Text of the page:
A Dead Hand
A Crime in Calcutta
By Paul Theroux
McClelland & Stewart, 265 pages, $30
PROLIFIC American writer Paul Theroux alternates travel books with works of fiction, often composing the first draft of a novel -- longhand -- on a train between one exotic destination and the next.
His fiction can be as evocative of foreign places and their inhabitants as his non-fiction. This latest novel is no exception, and it has the added dimension of an absorbing plot.
Here's a Calcutta street scene: "Her slightly bloodstained white sari billowed as she swept through the Kalighat bazaar, past the beggars and the flower sellers and the fruit stalls, the beseeching holy men, the clattering rickshaws, the beeping motorbikes. From the sounds alone you knew you were in another century -- bicycle bells, the clop of pony hooves on cobblestones, the chatter of a sewing machine, the clang of a hammer on an anvil, the bang and bump of wooden wagon wheels."
As to the plot: Main protagonist and first-person narrator Jerry Delfont is an aging writer of travel articles (not books).
He has been invited to Calcutta through the U.S. consulate to give lectures, something he's agreed to do now that he's experiencing writer's block -- what he metaphorically calls "a dead hand."
The lectures behind him, Delfont is about to move on when he receives a letter at his Calcutta hotel from a woman named Merrill Unger, called Ma by the locals.
She claims to be an admirer of his work and seeks his help in getting her son's friend Ragat out of trouble.
Delfont soon becomes an admirer of Mrs. Unger, a beautiful and wealthy transplanted American whose sole purpose in life seems to be rescuing Indian children from poverty.
As well, she's an expert in giving tantric massage, and she seems to know that the quickest way to Delfont's heart is through his weary muscles.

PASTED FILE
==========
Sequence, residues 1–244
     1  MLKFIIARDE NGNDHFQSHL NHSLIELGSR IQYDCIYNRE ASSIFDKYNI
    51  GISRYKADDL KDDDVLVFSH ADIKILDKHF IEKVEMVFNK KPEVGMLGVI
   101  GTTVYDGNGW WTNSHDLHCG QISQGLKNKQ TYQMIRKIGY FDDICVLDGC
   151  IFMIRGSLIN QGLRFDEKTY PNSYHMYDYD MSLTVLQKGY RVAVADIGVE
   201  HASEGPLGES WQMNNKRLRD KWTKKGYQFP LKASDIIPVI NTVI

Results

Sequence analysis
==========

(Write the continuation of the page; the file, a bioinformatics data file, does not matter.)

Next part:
Theroux has shown before (in novels like The Black House) how skilled he is at describing sensuality, and in this latest he makes it easy to understand why Delfont succumbs to Ma, ready to do whatever she wants.
Just when it looks as if he's forgotten the original problem -- Ragat's finding a body in his hotel room and leaving without telling anyone -- a package is delivered to Delfont containing a severed human hand.
When not advancing the plot, Theroux indulges his playful side (seen in previous novels like My Other Life). About half way through A Dead Hand, the U. S. consul invites Delfont to meet the travel book writer Paul Theroux.
At one point, Delfont says about Theroux, "This smirking, intrusive, ungenerous and insincere man was jumping to conclusions about me, making up his mind and forming fatal errors out of his impatience and knowingness."
Is Mrs. Unger really as altruistic as the love-smitten travel writer supposes? A Dead Hand is definitely worth reading to find out.
Winnipeg writer Dave Williamson took a train to meet Paul Theroux in 2000.